Reply
    7. Nobody knows your life, your situation and what you really want – only you do!! But here’s the thing, you can plan all you like for the next 13 years of your life but you have no idea what may come up in those years.

      Say you stay in the navy until you qualify for your pension and then you have the money and benefits for life and can set about your travels. 39 years old is not too old and you can still do so much. But who knows how you will feel then and what may have changed in your life.

      The question I always ask myself is what would I regret most if I didn’t do it. I am 41 years old and currently on a world trip that started 2 1/2 years ago. I was about to buy a house and do what is supposed to be ‘normal’ and then I thought about what I’d always dreamed about, living in South America. So I asked myself, ‘Do I really want that house or would I regret more not having ever lived in South America?’

      Needless to say here I am in Argentina, writing to you to follow your heart and do what it is you truly want. I’ve recently visited Chile, a lovely country I must say but where having spoken to many new friends I discovered that many people there are living a life they don’t truly want because of fear or just because that is how it works there. Maybe because I am Australian I have a different view point on life. Life is now, it’s today and it’s for doing exactly what you want to do and what you want it to be. When you do that, the rest takes care of itself.

      I cannot make a decision for you nor advise you what is right for you. However what I can share is that for the past 2 1/2 years I have been living the life of my dreams and not for a single moment have I ever regretted my decision. I have experienced such incredible moments of joy and met some of the best people I’ve ever met because I chose to take the risk, pack up my life and follow my dreams. I am not rich, I had a great job and who knows where the future will take me….but I don’t care. I am happy NOW, I am free NOW, I am living my dreams RIGHT NOW!!!

      Good luck with your decision, whatever you choose will be right because it is your decision. Just remember that whatever decision you do make, accept it and make it the life you want. Don’t allow it to be something that makes your life sad and stressful, you can still be happy regardless by making that choice every single day.

      If you ever need someone to chat to I am happy to do say…..BUENA SUERTE!!!!

      Reply
    8. I wish I would have never traveled. Said no one. EVER.

      I had a similar situation where I had a home and a great career but wasn’t my passion.

      I chose to sell my home and quit my job. I booked a one way ticket to London with barely any plans, and a year later I’m Western Australia with more amazing experiences and zest for life than I could have ever imagined in a lifetime.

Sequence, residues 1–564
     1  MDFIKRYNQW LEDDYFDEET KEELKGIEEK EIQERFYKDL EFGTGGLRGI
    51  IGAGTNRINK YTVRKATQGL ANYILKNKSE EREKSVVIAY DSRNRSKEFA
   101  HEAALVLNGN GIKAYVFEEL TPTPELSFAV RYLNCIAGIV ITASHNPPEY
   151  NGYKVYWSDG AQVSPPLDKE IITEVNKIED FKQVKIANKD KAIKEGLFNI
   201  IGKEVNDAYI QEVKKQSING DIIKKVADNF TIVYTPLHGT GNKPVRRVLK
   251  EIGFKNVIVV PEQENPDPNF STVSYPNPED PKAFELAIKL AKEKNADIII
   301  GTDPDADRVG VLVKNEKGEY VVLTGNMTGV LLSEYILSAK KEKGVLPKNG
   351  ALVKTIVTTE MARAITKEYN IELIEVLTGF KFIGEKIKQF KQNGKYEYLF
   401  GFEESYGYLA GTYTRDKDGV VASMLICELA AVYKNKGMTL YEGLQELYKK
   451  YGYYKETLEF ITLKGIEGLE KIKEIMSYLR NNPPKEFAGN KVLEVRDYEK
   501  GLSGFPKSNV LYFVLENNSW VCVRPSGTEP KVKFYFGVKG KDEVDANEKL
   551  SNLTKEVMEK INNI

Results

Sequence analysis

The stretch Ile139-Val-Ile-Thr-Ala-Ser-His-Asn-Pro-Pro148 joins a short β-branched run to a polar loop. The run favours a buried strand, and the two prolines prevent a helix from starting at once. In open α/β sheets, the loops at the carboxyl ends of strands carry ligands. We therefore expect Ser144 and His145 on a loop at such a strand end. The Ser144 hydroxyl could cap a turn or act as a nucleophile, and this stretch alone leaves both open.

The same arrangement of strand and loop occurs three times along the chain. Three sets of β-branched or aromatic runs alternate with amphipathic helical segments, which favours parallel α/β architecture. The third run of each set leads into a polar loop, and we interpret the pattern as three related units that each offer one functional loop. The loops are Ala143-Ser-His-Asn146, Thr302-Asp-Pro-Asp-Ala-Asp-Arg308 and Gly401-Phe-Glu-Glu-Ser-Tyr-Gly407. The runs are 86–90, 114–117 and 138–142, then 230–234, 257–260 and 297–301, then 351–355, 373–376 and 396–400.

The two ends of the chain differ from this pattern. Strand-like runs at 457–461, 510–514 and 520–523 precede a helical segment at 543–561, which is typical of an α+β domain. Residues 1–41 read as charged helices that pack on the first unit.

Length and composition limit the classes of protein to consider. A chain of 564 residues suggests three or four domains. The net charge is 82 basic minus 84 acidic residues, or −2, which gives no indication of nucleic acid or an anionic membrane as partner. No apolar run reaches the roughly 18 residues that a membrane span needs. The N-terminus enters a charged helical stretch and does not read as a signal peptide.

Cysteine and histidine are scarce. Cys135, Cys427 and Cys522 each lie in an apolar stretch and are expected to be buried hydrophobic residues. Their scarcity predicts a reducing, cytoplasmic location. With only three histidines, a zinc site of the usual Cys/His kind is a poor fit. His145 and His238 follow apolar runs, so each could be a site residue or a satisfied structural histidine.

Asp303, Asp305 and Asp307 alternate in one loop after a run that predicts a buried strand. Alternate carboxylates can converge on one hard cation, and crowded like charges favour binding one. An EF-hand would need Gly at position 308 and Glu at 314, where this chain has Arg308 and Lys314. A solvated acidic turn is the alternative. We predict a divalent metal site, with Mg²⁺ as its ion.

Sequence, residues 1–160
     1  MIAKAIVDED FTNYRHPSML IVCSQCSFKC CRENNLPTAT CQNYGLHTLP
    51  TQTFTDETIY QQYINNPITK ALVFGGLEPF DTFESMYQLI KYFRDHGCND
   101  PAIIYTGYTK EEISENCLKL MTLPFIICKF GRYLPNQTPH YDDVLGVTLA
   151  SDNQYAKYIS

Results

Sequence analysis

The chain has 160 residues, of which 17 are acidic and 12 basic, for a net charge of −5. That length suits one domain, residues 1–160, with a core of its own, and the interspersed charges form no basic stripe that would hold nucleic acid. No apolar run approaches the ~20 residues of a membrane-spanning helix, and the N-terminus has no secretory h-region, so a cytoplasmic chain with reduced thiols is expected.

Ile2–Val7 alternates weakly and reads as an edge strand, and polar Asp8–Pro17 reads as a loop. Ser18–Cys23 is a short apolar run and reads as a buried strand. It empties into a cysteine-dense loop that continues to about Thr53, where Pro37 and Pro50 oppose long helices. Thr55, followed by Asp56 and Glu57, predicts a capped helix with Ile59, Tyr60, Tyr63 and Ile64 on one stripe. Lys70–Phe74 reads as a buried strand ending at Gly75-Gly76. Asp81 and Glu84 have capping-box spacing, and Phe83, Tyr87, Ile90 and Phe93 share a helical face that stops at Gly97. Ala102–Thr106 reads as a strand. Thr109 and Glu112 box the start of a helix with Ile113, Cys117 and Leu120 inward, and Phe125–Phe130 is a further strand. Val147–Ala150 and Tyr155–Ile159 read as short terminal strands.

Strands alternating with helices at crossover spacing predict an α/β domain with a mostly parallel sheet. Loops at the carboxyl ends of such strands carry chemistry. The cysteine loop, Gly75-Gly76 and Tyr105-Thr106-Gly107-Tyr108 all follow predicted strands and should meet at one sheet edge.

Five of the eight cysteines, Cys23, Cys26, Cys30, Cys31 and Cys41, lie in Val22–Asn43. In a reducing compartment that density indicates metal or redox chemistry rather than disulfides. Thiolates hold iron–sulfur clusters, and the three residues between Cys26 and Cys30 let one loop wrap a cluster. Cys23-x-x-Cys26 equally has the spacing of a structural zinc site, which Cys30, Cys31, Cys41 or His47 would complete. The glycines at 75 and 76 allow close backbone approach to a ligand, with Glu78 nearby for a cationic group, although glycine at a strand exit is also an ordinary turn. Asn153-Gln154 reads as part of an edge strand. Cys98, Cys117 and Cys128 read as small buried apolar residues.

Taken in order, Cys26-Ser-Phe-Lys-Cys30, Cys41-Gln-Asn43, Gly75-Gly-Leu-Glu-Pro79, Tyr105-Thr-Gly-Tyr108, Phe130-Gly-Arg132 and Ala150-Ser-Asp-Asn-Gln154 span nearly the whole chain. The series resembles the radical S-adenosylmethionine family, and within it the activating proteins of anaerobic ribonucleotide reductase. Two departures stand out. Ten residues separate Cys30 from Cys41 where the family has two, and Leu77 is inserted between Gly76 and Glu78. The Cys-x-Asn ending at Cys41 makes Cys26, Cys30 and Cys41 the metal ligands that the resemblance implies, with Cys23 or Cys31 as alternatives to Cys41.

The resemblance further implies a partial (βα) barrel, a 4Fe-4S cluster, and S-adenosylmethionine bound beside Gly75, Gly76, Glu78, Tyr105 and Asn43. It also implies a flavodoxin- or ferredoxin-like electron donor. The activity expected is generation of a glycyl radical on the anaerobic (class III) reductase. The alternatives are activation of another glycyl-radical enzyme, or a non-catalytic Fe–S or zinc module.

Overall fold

It is, and probably will be, the BEST decision I could have ever made. I know it sounds a little much, but it’s the classic scenario of “if a doctor told you that you only had a few days to live, what you regret not doing?” You honestly never know when “you’re gonna go”.

      For all we know this is the one shot you get on this earth so don’t spend another minute longer not pursueing your dreams.

      Good luck, and like others have said trust your heart/gut. If you want to know where your heart is, look to where your mind goes when it wanders.

      Reply
    9. Wow, that is one loaded question. You can drive yourself crazy with “thinking” and you will always find obstacles if you are looking for them. We are in our mid 40s and decided to quit our jobs and travel last year. It has been the best decision of our lives. We are a family of 4 and are certain if all fails, we will find another job.

      As Caz states, you need to follow you gut and that is what we did. It is amazing how “easy” things can seem when you follow your passion. That said, it is our passion. You need to figure that out on your own. You have no idea what the next 13 years is going to deliver to you, whether you do or don’t stay in the Navy. Dig deep and do what feels right and what you can live with. Money and health care are important things to consider.
      Heidi @WagonersAbroad recently posted..How Much Did Our 6 Week European Road Trip Cost?
      Heidi @WagonersAbroad recently posted..How Much Did Our 6 Week European Road Trip Cost?

      Reply
    10. Personally, I would love to quit my job and travel full time, but for me to take that decision I need to be financially stable. I mean I should have sufficient savings. And traveling full time does not mean I wouldn’t make money! I think traveling full time with a source of constant income is an ideal choice – but the question is how to achieve that? Even I am seeking that answer! I am also one of those who would like to quit the meaningless cubicle and head to the rewarding road! I see myself slowly moving towards that – where I can just sit at home, make a few bucks to sustain myself and save something for travel as well. I am looking for freelancing in writing & photography and also some entrepreneurship.
      Renuka recently posted..South Mumbai Wanderings – In Pictures
      Renuka recently posted..South Mumbai Wanderings – In Pictures

      Reply
    11. Angelo Frei

      As the saying goes: When you look back on your life, you’ll regret the things you didn’t do more than the ones you did.
      So don’t waste your life doing something you don’t really like.

      Reply